The U.S. Postal Service's financial woes are forcing the agency to put off vital maintenance and repair work of facilities across the country, according to a recent inspector general report. Between 2009 and 2012, the Postal Service's budget for capital improvements and facility repairs fell by $382 million, and some 19,000 planned repairs were left uncompleted.
The General Services Administration says it will finally be able to begin digging out of a backlog of deferred maintenance of federal buildings thanks to a boost in funding from the recently passed bipartisan spending bill. The spending bill, passed by Congress and signed by President Barack Obama last week, authorizes GSA to spend about $9.3 billion from the Federal Buildings Fund.
A group of federal scientists is concerned that proposed restrictions on federal employees attending conferences could put scientific research behind the curve. The Assembly of Scientists wrote to the two top senators on the Homeland Security and Government Affairs Committee last week, arguing that the Digital Accountability and Transparency (DATA) Act would likely lead to a "decline in the productivity, creativity, morale, recruitment and retention" of many of the government's top scientists.
With the unveiling of the bipartisan spending bill this week, federal agencies are getting a clearer picture of how much funding they'll get for the rest of the fiscal year. Track which agencies will see sizable increases or which will be getting the short end of the stick.
House Oversight and Government Reform Committee Chairman Darrell Issa (R-Calif.) says agency inspectors general are increasingly facing obstacles in their efforts to uncover waste and misconduct. The top watchdogs at both the Justice Department and the Peace Corps told lawmakers they've faced resistance from their agencies at times in turning over records in recent years. Lawmakers also expressed concern about the impact of across-the-board budget cuts on the operations agency IG operations.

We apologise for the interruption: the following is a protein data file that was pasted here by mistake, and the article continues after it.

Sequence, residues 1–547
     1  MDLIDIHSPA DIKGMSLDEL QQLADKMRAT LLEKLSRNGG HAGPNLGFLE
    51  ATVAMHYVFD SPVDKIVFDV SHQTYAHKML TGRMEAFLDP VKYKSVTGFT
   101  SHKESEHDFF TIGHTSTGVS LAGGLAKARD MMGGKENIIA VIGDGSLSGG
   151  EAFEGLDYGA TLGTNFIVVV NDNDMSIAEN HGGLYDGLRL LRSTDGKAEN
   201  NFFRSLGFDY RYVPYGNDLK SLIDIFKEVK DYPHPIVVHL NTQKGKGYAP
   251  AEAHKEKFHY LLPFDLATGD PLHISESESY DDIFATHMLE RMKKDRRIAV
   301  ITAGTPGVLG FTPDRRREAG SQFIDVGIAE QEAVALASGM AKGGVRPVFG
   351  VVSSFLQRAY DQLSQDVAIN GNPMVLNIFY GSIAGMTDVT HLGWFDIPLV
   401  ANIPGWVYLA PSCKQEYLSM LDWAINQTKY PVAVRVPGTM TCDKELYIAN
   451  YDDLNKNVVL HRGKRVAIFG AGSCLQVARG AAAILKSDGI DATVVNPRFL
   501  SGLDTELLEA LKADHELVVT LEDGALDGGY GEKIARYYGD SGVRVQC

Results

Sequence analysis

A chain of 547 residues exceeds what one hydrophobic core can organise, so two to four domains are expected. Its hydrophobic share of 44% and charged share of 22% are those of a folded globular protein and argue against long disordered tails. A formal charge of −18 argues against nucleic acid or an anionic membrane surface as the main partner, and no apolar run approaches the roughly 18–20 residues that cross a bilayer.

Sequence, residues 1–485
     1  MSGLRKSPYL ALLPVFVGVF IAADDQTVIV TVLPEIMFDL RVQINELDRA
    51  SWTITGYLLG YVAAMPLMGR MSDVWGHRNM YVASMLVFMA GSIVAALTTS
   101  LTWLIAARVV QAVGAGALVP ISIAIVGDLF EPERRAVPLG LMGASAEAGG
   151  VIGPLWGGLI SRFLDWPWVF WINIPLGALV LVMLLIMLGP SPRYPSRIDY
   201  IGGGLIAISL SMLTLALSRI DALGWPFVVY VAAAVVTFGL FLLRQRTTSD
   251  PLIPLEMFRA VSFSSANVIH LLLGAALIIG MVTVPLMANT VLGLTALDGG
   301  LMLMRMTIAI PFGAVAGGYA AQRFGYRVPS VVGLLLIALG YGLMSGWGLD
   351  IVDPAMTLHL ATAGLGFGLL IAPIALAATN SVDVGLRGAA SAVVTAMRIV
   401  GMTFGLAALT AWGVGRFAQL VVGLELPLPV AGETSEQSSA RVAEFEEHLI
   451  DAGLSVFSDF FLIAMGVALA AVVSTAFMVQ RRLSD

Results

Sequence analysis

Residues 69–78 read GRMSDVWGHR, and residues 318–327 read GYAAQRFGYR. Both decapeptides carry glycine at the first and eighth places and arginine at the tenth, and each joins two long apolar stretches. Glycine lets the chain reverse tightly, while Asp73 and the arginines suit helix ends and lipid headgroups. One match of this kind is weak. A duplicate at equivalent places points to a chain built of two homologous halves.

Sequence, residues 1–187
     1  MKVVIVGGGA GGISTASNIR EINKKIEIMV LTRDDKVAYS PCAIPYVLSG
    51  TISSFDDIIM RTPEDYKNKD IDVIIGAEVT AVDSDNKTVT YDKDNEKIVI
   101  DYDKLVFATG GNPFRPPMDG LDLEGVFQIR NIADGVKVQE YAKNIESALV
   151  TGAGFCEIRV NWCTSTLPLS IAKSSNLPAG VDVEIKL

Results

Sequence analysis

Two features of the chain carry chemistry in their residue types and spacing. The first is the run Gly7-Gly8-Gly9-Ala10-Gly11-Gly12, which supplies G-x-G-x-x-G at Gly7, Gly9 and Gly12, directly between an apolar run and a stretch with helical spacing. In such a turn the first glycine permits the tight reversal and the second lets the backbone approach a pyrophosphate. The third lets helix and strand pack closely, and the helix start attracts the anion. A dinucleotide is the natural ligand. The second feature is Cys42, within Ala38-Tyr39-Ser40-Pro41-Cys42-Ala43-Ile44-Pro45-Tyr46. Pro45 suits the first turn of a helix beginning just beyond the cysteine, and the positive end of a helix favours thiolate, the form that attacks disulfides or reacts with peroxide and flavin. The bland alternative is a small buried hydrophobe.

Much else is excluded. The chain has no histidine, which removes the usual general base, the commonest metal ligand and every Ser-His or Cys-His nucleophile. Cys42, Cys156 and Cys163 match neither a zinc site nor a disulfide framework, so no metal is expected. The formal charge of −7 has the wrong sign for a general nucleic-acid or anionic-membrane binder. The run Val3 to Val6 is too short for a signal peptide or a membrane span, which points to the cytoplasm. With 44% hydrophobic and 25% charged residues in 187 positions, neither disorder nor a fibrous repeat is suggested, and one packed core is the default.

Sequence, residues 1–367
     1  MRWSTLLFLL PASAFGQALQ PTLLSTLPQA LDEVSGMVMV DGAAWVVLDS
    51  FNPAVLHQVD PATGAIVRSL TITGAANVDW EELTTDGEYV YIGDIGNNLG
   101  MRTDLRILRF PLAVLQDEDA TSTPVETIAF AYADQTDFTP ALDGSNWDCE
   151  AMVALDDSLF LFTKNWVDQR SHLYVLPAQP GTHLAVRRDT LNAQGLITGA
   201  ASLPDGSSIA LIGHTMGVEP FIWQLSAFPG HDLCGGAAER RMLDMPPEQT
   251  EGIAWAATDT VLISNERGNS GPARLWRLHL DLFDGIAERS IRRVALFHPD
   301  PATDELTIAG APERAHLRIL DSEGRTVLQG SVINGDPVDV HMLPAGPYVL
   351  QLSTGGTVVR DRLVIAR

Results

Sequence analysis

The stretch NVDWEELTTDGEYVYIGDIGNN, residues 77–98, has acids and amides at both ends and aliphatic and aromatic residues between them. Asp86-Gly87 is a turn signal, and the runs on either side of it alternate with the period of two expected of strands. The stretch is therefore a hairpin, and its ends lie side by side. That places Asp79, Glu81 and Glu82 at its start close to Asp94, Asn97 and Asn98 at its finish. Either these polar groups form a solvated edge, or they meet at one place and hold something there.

The House gave a boost to the Office of Personnel Management inspector general's office Tuesday, voting to provide the agency's auditors with access to new funding to conduct investigations. In a unanimous vote, the House approved the bipartisan OPM IG Act, introduced by Rep. Blake Farenthold (R-Texas) and co-sponsored by Rep. Stephen Lynch (D-Mass). The Senate approved a nearly identical measure, introduced by Sen. Jon Tester (D-Mont.), in October.
After a month of negotiations, the leaders of the House and Senate Appropriations Committees unveiled a massive $1.1 trillion spending bill this week funding the government for the remainder of fiscal 2014. From federal pay and benefits to a further decline in the Internal Revenue Service's budget, read about three key takeaways of the bill.
Last spring, as across-the-board budget cuts roiled through agencies across government, the White House decided to cancel the monetary portion of the Presidential Rank Awards, which granted recipients as much as 35 percent of their salary in a one-time bonus. But the White House maintained it was "focused on finding means to acknowledge excellence in non-monetary ways." The Senior Executives Association (SEA), in a statement released Monday said it still hasn't heard from President Barack Obama on those alternatives.
Republican leaders plan to pass a short-term funding bill this week to extend by three days the deadline for wrapping up a massive, $1 trillion-plus catch-all spending bill covering funding for the rest of the year. The short-term measure would give lawmakers until midnight next Saturday to pass the larger funding bill. The current stopgap funding bill expires at midnight on Wednesday.
In an annual report to Congress, the National Taxpayer Advocate, Nina Olson, wrote that the IRS faces "unstable and chronic underfunding that puts at risk the IRS's ability to meet its current responsibilities, much less articulate and achieve the necessary transformation to an effective, modern tax agency."
Federal-employee unions say they're having more of a voice in the agency decisionmaking process, thanks to a four-year-old directive from President Barack Obama calling for greater collaboration between labor groups and agency leadership. Despite a slow start last year, the creation of partnerships between federal-employee unions and agency leadership — known as labor-management forums — ramped up throughout the course of 2013, according to Bill Dougan, president of the National Federation of Federal Employees.
In his nomination hearing before the Senate Homeland Security and Governmental Affairs Committee Wednesday, John Roth, currently the director of the Food and Drug Administration's Office of Criminal Investigations, said he aimed to turn around employee morale in the IG's office, which has been rocked by allegations of misconduct by the former acting head of the office. Roth, whose nomination has garnered near-universal support from both Republican and Democratic members of the committee.